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Interview With Nihad Awad

Aired September 13, 2002 - 14:21   ET

THIS IS A RUSH TRANSCRIPT. THIS COPY MAY NOT BE IN ITS FINAL FORM AND MAY BE UPDATED.


NIHAD AWAD, COUNCIL ON AMERICAN-ISLAMIC RELATIONS ... I think, as you have said, and I have been watching the news since I woke up this morning, it is very important for us to be vigilant and to be careful and just report any suspicious activities or facts to authorities. And it is truly a test for the system today. And I hope that this chapter today will end peacefully, and I hope and I pray that, you know, it will be none of what has been reported.
However, if it is true, the reports that are coming and unfolding -- and the story is changing by the minute -- yes, we have to be careful and we have to report suspicious people and suspicious activities. It should not be a test to our diversity that we report people who look different than we are or who belong to a different faith than ours.

PHILLIPS: Obviously, you're talking about racial profiling. It's a concern of yours. And I'd like you to know too that my husband is from Iran, and when we travel, we never really had a problem. But lately, we have. As a matter of fact, we had a situation in Rome. It was humiliating. They took us to an area all by ourselves. Wanted to go through our bags. It was terrible, plain and simple. I never had experienced something like that.

But let me ask you a question: Do we all need to change our mentality and be maybe a little more sensitive to what is taking place and maybe step back and say, OK, I'm proud of my heritage, I know I'm a good person, I just have to go along and understand why people are doing what they are doing. It is an overall -- I don't know, it's for our security overall. So maybe we should just not be so sensitive at this time.

AWAD: You know, I think the beautiful thing is always to strike a balance, to understand what our nation is going through and what we are going through, because we are part of the nation. And at the same time, we do not want people to be judged on their looks and their -- but rather to be judged on their behavior.

However, as you and I are discussing this, things are changing on the ground there, and we are waiting to see what conclusive evidence is there. And I think public officials have been extremely careful as to exactly what happened. They have been holding these people not in detention, but in -- until they get more information. And I think the lady who reported the suspicious, quote/unquote, statements that they have said, has to be taken seriously.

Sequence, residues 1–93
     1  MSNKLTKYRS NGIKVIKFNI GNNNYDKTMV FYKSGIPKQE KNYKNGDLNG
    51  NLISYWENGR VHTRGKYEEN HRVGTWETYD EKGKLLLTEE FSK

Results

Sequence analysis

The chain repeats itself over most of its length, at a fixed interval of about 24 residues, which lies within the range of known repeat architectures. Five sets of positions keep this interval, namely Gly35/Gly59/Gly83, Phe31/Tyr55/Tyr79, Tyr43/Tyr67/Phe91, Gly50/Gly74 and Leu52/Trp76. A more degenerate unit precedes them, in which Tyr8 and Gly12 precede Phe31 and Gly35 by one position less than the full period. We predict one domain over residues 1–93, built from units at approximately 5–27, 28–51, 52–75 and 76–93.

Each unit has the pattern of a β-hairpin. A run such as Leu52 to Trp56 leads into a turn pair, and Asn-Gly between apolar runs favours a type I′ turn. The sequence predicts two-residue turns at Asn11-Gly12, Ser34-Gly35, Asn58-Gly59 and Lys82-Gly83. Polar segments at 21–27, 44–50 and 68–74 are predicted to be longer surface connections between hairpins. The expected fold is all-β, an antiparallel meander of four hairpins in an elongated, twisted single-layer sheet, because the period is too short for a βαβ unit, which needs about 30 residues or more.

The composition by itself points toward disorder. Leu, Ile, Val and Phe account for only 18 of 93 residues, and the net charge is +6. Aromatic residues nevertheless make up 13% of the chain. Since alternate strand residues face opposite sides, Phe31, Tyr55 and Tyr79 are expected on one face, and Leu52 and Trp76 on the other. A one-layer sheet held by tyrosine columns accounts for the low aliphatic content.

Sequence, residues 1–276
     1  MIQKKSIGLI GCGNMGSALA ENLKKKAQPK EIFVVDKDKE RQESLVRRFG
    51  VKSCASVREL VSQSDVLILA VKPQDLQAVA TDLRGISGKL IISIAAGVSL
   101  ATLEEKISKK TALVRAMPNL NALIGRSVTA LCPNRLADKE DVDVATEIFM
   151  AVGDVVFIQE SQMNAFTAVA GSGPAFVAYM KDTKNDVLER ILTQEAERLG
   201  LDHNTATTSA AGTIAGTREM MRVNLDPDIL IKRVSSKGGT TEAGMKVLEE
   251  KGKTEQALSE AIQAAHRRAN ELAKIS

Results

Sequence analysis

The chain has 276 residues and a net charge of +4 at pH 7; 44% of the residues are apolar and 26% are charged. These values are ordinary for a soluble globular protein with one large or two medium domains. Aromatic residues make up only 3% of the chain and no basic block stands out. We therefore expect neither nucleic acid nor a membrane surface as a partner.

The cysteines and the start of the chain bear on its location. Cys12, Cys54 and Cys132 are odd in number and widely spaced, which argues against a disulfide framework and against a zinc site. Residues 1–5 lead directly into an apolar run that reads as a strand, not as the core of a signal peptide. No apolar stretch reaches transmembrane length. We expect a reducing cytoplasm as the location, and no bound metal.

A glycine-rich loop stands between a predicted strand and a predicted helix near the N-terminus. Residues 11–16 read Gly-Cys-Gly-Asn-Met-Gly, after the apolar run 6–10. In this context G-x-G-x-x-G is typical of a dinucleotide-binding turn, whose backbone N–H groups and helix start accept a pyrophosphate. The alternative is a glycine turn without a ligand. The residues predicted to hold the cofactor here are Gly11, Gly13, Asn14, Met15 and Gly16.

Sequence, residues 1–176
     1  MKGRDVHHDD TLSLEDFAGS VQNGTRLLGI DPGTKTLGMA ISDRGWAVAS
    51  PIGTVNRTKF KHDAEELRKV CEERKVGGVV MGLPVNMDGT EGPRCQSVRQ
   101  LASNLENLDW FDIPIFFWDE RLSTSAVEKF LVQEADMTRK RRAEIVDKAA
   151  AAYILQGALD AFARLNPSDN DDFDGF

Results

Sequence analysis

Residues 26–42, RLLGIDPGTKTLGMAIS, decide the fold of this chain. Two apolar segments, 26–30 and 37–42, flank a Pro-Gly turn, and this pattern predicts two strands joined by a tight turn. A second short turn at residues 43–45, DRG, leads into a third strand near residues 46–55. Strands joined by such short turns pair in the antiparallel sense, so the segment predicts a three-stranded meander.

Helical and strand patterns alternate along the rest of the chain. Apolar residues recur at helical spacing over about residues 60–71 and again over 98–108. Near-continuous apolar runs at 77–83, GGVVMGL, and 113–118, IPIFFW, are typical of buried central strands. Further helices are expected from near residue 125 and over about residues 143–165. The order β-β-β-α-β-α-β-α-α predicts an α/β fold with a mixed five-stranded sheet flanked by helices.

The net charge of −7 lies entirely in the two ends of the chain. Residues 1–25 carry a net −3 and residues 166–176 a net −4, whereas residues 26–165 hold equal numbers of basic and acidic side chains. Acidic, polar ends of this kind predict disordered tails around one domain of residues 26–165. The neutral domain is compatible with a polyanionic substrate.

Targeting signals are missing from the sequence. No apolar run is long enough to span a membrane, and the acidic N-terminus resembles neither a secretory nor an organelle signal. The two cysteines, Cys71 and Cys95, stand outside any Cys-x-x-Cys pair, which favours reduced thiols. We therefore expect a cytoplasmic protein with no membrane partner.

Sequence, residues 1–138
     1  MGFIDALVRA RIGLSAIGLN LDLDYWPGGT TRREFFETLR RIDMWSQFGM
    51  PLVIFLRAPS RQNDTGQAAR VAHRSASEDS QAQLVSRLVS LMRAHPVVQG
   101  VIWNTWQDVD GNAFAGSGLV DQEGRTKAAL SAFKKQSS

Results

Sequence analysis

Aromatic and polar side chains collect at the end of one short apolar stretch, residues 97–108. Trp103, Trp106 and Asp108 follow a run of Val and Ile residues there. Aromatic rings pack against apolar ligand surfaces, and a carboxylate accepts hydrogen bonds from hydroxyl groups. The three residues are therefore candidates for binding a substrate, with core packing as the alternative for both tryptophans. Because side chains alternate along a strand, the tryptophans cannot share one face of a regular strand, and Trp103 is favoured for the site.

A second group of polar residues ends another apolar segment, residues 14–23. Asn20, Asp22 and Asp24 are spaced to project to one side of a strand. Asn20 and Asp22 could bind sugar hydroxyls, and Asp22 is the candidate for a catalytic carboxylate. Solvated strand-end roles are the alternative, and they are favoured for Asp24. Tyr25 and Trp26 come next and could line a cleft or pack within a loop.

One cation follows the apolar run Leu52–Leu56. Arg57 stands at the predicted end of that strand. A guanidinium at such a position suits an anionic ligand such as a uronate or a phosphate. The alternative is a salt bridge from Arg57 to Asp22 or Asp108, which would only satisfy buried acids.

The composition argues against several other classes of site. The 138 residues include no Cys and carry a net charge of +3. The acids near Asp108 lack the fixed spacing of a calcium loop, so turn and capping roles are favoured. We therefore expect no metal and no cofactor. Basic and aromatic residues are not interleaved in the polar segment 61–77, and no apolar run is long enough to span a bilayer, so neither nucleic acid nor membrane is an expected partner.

But we hope that the system, again, is working for everybody. Like for example, two weeks ago, in the same state, the state of Florida, a Jewish doctor, Robert Goldstein, was about to bomb 50 Islamic centers and schools. He has 30 explosive devices, 20 of them were ready to go. I have not seen live reports and the public and media attention that has been given to today's events, which are very important, by the way, but I'm a little bit concerned about the focussing on one group and just maybe forgetting the other group.

I think I would like to see a system that works for everybody. And I hope and pray that our nation will be safe and secure.

PHILLIPS: I have to say, I'm not familiar with the situation you mentioned concerning Mr. Goldstein. I will have to get our folks on that, we'll check that out. We'll talk about that, Nihad.

Meanwhile, with regard to racial profiling, if you were advising the system and the government and law enforcement officials, what would you say to them about racial profiling? How would you advise them to avoid racial profiling? Do you believe in certain steps that should be taken?

AWAD: Well, definitely. We worked with the Clinton administration. I was an adviser to the White House Committee on Aviation Safety and Security in 1997. And we gave some suggestions, that the criteria has to be computerized. We should not give the human element, because there is always bias. I mean, when dogs sniff bags, they do not have -- they do not differentiate maybe between white and black or Middle Eastern. They just go after the material.

And I think we should try as much as we can to delete the ethnicity and religion of people and just focus on the suspicious criminal behavior rather than the looks sometimes and the appearance.

But again, I have to reemphasize, I'm not discounting or undermining what is being said or done in Florida. It is very important for all of us to be cautious and careful, but not to jump to any conclusions, because we have wronged many people after the Oklahoma City bombing, when one American Muslim was detained and humiliated here and in Britain, and very few people apologized to him.

We do not want a repeat of that, because I think we are learning as we go on.

PHILLIPS: Nihad Awad, thank you so much for your time. And I apologize about your introduction, it was incorrect. You are the national executive director of the Council on American-Islamic Relations. Correct?

AWAD: Thank you. Yes, thank you very much for having me.

PHILLIPS: Thank you very much, you bet.

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